A team much less known for its impressive defensive line than the previous two, the Kansas City Chiefs also double up on our top lists. Chris Jones has proven to be an impressive talent since his arrival in the NFL, but fellow 3-4 defensive end Allen Bailey gets very little credit for his IDP impact every year. Bailey in specific is a sneaky IDP buy due to a third-lowest (among 22 3-4 ends with at least 250 pass-rush snaps) 0.56 percent sack rate on his pass-rushing snaps. With how many opportunities he gets to attack the quarterback, that number should come up going forward.
On the other end of the spectrum, the Cleveland Browns are noted for an aggressive, attacking defense under coordinator Gregg Williams, but they had the lowest pass-rush rate for their defensive linemen last year (remember, as a 4-3 defense, this only includes their defensive tackles). With former Arizona defensive boss James Bettcher headed to lead the New York Giants, they should come up from the bottom of the barrel in 2018, and the Gus Bradley-run Los Angeles Chargers round out the bottom-three for attacking defensive line units.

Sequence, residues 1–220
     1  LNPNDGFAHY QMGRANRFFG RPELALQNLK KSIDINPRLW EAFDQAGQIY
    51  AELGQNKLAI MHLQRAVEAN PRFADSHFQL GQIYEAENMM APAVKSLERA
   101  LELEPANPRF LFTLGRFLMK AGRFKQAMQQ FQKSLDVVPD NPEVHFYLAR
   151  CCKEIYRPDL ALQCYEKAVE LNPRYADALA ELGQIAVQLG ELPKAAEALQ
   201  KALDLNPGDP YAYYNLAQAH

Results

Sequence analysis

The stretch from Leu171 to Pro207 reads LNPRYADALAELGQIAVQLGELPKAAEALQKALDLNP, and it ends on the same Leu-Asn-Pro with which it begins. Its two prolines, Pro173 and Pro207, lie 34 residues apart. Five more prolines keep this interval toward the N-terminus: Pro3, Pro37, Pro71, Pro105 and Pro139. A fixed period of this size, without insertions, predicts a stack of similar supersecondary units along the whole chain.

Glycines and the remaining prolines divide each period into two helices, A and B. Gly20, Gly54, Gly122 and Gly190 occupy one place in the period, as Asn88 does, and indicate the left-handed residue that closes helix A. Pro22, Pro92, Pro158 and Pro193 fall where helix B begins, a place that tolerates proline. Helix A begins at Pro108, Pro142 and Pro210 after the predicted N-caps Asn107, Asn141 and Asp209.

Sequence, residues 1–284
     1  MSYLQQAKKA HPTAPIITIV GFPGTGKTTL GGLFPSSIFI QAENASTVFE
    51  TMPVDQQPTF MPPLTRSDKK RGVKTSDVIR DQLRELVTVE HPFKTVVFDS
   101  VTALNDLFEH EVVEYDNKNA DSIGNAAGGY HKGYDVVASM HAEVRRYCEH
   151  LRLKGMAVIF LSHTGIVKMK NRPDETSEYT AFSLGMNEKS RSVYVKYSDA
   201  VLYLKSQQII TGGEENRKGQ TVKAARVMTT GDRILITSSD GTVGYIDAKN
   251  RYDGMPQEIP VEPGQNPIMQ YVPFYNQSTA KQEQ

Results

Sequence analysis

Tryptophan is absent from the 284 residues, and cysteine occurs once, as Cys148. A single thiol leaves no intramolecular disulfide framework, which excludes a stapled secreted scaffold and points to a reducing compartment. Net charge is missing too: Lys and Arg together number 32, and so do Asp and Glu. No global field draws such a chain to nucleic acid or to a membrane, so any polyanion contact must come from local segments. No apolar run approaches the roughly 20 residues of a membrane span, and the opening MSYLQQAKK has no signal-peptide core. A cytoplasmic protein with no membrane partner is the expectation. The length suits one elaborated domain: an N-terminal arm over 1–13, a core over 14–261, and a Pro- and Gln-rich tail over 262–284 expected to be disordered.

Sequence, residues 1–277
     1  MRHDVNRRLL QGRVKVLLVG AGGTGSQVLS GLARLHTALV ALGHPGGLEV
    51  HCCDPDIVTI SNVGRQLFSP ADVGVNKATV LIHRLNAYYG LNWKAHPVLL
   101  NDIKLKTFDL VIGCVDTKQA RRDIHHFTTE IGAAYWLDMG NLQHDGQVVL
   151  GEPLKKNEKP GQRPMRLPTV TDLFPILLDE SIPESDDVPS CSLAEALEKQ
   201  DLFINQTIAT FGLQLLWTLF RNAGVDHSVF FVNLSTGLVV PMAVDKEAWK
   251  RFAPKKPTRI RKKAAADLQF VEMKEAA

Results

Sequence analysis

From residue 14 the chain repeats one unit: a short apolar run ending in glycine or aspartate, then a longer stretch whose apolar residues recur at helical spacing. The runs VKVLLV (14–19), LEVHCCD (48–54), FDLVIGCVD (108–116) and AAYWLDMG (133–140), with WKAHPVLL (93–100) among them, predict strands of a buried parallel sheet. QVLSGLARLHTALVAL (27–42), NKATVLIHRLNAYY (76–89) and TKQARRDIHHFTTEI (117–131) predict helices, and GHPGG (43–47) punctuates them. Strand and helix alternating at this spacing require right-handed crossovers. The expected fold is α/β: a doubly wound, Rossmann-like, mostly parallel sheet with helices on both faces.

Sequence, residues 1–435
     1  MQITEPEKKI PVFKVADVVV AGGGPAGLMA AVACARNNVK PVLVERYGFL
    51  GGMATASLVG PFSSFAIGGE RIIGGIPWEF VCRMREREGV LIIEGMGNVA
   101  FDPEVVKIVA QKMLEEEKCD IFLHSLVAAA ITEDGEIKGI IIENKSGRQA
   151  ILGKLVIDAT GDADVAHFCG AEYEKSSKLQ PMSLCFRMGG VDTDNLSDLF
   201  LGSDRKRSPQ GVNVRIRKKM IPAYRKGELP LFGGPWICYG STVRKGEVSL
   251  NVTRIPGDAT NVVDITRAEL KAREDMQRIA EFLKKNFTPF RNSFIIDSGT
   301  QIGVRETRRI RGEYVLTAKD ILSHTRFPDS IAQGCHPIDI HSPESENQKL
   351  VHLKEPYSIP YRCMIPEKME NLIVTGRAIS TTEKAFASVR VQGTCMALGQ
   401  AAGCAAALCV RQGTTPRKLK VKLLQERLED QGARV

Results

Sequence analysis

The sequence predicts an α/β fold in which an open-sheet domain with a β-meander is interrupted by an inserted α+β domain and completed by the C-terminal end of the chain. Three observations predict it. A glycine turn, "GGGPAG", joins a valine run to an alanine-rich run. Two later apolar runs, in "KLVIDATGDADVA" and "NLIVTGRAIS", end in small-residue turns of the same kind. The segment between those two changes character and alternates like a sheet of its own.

Finally, we have coverage rates for defensive linemen.
I don’t know about you, but in today’s hyper-speed NFL, I don’t want my 300-pound defensive linemen having to play in coverage to defend the pass. The teams with the lowest rates of dropping their linemen into coverage are teams we want to target; again, chances to attack the quarterback mean better chances for IDP fantasy points.
The eight teams with the lowest defensive linemen coverage rates are below.
Once again, the Chiefs and Rams find themselves in the top-tier of defensive line situations for IDP production. These two are clearly the best situations for defensive tackles and 3-4 defensive ends.
The Denver Broncos have also traditionally been a strong team at this position, an indication that Derek Wolfe and whoever bookends him on the line should continue to be solid IDP options.
The three teams with the highest coverage rates for defensive linemen: the Browns, last year’s Giants, and the Chargers.
He also likes coffee. You can talk to him about IDP, other dynasty things, and various caffeinated beverages on Twitter at @JayArrNFL.